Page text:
In the front they provide about 5cm more coverage than the Mt Zefals on the top of the wheel and 8cm on the bottom, and in the back they cover at least 180 degrees, starting between the chainstays.”
Not everyone agrees as to the utility of the mud flaps or the suitability of mounting hardware for use with larger studded tires.
The other gripe is that the “mud flap” on the front is not only too small, but I occasionally hit it with my foot (when pedaling around a 180 degree turn or jerking my handlebars around while trying to stay upright in deep, loose snow) and that causes the flap to get caught by the tire.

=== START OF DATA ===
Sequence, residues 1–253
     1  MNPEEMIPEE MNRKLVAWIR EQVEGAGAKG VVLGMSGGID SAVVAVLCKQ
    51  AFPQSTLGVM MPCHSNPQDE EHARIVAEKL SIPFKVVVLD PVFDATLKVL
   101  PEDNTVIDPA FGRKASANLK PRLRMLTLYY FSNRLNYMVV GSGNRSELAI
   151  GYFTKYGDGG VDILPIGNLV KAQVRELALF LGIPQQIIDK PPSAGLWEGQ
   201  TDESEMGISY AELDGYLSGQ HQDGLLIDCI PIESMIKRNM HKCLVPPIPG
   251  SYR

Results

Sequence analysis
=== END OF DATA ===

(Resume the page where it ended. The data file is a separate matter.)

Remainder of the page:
Once it gets folded between the tire and the fender, there’s nothing I can do about it except stop and yank it out.
The Planet Bike fenders did survive the cold we had here in Minnesota last month.”
Pyramid is a importer of lots of different inexpensive cycling components. They also import some very cheap and light fenders similar to the Zefal Mountain.
These snap on and off fairly easily, but have a bit of a coverage problem in the rear. (Too short). On some bikes they work very well, on others they don’t. It all depends on where your seat-stay bridge is located. On some bikes they don’t extend far enough back to prevent slush on your back, and they don’t extend all the way to the Bottom Bracket so that means your feet will get a little gritty. Comes with a front and back fender as a set.
The Pyramid stuff is mostly sold in the LBS, Price about $19
Setting up a rear fender on most MTB frame’s today can be very difficult, this is especially true on full suspension (FS) frames.